- it will remind you of the full range of skills that you bring to your work, some of which you might have overlooked recently;
- that in turn gives you a sense of resilience, rooted in your particular expertise. This is handy if you’re having a tough week or something big – like a pitch or presentation – is on the horizon;
- as you retrace your steps, and remember how your interest first began, you’re likely to feel something: nostalgia, enthusiasm, excitement. That’s infectious and impressive when you’re talking about your track record to a new client or colleague.
- the story itself might be memorable which means you can…
Make your mark on your audience.
I interviewed Andy about his business story about two years ago, for the Brighton and Hove Chamber of Commerce. His expression of delight when he talked about that snow plough is still with me – as are all the smiles on the faces of his audience. The way in which he told it also spoke volumes about his ethos and Yelo’s culture: a genuine enthusiasm that wants to involve everyone – consultants and clients – in the creative process:
I think architecture can be quite standoffish and elitist. I’m not from a wealthy background and I don’t see it that way. I think architecture is actually a really wonderful discipline. It should be more open because if you’re trying to design or build something for someone, you need to really engage with them and explain it to them, so that they understand it.
A story that proves your expertise and commitment.
So what is – on the surface – a highly entertaining anecdote about a snow plough, actually serves a business purpose. It tells Andy’s audience that creativity has been part of his life since childhood. And, because it’s delivered in such a warm way, it also tells them he is still enthused by his work.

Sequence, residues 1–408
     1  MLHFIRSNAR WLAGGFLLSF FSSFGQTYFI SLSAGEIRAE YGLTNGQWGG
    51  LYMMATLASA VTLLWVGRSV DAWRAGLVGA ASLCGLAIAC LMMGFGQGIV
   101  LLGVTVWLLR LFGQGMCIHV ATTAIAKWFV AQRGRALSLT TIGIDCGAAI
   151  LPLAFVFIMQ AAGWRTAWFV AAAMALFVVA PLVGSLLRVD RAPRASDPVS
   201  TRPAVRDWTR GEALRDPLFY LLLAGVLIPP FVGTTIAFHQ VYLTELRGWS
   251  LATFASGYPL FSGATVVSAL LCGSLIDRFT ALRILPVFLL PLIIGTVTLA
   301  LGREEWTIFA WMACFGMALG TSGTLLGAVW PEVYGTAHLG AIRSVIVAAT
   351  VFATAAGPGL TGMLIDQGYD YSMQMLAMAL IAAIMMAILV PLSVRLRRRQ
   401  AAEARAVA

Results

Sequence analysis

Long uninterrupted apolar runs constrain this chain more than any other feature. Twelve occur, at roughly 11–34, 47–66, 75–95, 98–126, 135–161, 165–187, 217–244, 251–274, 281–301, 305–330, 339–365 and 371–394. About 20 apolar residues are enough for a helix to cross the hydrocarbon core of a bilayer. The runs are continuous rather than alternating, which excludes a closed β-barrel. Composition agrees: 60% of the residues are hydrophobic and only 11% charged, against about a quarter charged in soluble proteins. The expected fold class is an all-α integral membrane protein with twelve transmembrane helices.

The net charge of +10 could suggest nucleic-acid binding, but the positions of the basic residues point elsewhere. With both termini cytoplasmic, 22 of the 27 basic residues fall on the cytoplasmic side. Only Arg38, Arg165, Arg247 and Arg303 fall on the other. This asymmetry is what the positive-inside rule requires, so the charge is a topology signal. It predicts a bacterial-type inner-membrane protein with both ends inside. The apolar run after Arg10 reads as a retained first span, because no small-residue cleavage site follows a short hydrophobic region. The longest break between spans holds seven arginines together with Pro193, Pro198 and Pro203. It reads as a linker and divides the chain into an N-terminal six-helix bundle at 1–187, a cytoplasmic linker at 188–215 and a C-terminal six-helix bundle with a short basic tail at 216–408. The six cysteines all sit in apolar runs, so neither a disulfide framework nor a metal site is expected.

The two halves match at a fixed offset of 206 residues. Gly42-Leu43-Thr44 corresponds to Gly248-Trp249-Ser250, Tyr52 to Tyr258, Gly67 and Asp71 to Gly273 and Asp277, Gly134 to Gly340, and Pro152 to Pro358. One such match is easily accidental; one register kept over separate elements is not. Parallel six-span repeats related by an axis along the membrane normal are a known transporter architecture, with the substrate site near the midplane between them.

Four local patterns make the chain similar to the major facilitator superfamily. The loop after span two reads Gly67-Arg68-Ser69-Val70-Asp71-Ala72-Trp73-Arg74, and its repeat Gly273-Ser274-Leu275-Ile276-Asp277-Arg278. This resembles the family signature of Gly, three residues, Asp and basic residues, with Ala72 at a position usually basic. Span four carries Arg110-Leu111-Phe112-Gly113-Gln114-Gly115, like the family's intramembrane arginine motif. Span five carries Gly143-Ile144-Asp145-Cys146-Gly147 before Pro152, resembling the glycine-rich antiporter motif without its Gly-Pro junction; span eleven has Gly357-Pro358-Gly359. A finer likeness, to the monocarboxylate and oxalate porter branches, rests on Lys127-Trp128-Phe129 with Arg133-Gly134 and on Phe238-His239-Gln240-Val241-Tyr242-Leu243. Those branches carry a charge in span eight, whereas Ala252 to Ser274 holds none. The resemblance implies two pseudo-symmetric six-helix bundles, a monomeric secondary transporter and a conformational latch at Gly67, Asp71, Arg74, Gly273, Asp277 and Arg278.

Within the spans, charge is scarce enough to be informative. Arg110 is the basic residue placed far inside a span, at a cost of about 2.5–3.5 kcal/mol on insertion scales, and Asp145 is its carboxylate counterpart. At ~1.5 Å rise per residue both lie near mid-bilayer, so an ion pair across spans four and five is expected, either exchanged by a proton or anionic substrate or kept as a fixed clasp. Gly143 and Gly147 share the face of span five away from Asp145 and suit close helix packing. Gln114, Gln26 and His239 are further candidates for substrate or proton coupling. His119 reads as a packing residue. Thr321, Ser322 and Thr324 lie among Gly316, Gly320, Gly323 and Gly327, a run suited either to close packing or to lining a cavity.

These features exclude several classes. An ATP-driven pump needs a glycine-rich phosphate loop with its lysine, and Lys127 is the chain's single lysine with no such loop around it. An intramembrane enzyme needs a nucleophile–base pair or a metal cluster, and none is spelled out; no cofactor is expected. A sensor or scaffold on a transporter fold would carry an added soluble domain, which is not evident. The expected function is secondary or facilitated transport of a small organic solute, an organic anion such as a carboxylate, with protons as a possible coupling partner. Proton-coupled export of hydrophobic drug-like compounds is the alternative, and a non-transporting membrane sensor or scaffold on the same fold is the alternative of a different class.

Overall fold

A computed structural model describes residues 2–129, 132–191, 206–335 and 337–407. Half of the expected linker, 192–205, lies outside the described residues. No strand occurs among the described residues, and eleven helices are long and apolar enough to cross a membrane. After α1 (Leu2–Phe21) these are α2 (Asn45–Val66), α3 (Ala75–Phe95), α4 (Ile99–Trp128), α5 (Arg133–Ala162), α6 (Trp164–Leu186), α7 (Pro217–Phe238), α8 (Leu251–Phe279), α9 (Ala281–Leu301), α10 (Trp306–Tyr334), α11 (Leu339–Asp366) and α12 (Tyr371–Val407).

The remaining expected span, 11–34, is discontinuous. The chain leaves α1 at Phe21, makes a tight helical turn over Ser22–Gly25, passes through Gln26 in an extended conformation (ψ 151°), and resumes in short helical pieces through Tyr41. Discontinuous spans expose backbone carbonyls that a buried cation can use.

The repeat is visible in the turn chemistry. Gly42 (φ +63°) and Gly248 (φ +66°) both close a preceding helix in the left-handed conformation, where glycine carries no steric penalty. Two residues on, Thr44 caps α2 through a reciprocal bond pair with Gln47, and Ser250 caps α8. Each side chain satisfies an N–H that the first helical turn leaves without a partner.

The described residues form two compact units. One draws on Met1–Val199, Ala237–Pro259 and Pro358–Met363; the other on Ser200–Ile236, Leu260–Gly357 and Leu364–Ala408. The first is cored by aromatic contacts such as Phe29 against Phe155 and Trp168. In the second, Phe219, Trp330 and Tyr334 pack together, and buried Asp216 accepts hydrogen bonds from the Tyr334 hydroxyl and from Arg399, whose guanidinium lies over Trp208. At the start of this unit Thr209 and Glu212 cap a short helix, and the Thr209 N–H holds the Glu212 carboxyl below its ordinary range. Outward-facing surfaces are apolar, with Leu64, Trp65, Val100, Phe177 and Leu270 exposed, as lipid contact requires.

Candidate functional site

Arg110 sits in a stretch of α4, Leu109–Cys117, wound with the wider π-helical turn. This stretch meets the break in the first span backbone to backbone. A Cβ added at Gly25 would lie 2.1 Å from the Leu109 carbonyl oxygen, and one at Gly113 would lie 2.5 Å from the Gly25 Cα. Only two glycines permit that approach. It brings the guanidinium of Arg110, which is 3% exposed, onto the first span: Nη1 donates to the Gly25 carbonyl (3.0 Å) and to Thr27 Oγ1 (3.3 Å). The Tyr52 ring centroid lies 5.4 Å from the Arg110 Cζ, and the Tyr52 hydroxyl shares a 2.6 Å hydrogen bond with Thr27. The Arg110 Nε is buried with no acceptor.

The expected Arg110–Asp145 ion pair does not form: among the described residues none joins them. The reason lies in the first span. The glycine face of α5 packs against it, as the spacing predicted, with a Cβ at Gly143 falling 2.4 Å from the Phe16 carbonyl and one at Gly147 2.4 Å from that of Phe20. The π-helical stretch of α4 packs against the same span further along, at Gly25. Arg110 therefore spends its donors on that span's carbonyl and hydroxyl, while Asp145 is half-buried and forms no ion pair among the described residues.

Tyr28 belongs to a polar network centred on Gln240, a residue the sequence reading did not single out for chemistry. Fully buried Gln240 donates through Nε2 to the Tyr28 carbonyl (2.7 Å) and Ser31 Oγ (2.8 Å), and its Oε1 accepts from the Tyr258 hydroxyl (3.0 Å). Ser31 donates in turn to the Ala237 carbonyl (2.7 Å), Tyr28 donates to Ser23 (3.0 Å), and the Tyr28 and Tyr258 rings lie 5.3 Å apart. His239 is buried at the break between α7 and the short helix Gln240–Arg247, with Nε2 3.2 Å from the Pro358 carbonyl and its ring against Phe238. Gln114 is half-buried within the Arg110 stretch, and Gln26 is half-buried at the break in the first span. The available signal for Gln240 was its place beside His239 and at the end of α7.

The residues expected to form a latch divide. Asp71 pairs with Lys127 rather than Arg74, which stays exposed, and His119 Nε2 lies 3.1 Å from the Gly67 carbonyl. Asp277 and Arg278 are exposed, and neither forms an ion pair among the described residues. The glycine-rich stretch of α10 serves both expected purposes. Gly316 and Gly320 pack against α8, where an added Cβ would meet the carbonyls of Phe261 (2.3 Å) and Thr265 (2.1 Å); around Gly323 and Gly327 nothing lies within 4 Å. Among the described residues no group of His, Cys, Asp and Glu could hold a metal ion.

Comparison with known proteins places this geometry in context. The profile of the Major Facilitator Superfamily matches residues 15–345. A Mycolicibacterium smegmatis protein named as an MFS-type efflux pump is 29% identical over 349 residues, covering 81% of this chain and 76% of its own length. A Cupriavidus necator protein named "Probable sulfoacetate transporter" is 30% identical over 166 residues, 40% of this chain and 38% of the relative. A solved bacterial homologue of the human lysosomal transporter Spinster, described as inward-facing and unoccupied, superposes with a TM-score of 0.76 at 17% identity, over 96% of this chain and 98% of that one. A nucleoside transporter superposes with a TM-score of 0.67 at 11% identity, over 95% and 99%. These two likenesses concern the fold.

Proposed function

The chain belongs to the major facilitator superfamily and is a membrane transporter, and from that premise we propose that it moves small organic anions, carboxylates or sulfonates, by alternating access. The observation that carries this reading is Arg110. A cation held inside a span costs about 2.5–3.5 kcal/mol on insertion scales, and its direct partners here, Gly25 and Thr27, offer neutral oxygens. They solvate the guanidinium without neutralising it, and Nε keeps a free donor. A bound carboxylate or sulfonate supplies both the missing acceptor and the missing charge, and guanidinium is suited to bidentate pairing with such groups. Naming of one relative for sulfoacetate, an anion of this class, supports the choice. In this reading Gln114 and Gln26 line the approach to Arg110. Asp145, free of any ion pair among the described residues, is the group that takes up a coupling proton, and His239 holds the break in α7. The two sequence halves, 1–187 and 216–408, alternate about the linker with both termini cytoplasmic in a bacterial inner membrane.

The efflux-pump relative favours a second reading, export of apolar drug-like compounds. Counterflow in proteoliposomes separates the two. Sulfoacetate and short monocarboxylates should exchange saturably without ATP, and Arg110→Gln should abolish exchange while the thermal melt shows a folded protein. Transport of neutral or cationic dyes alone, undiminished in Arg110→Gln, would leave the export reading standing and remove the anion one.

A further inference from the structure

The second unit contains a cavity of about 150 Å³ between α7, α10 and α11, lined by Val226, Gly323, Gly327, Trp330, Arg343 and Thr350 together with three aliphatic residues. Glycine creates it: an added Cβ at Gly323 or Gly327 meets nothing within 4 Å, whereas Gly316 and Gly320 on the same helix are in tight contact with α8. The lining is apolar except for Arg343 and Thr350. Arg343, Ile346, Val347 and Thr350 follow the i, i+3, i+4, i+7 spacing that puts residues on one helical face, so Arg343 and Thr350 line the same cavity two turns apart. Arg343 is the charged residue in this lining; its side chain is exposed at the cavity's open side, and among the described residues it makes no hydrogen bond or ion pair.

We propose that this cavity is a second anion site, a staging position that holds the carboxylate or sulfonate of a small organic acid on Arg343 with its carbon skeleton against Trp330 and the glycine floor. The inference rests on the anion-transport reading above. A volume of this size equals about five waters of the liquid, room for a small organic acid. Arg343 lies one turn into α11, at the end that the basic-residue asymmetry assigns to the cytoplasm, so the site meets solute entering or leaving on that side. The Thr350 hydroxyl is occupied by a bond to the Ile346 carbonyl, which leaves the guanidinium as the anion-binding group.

An expert in his field who continues to care very much about what he does. Useful to know if you are looking for a good architect…
I rest my case.
(You can read more about Andy’s views on innovative buildings and architecture in the news pages of his website.
PS. Heard the one about The Apprentice and The Architect?
If you watched the latest series of BBC1’s The Apprentice, do you remember Vana in the real estate episode? When she teamed up with Richard to shift properties worth £1.4 million and rising.
One thing that set them apart from Joseph and Selina was the fact that Vana regularly talked about her architectural ancestry and how both her parents were architects in New York. Her version of a beginnings story.
She might have overdone it a bit. One commentator claimed she name-checked her mum and dad 64 times. Whatever the figures, Vana is a good example of how track record is not just measured by the number of paper qualifications you have. It’s about demonstrating your (genuine) commitment in other ways – and that includes telling the story of how it all began.
What’s the missing bit from your company’s ‘beginning’ story?
Not sure what it is? Give me a call today on 07456 416 475. Let’s see how it could help to position your business more strongly in the market place.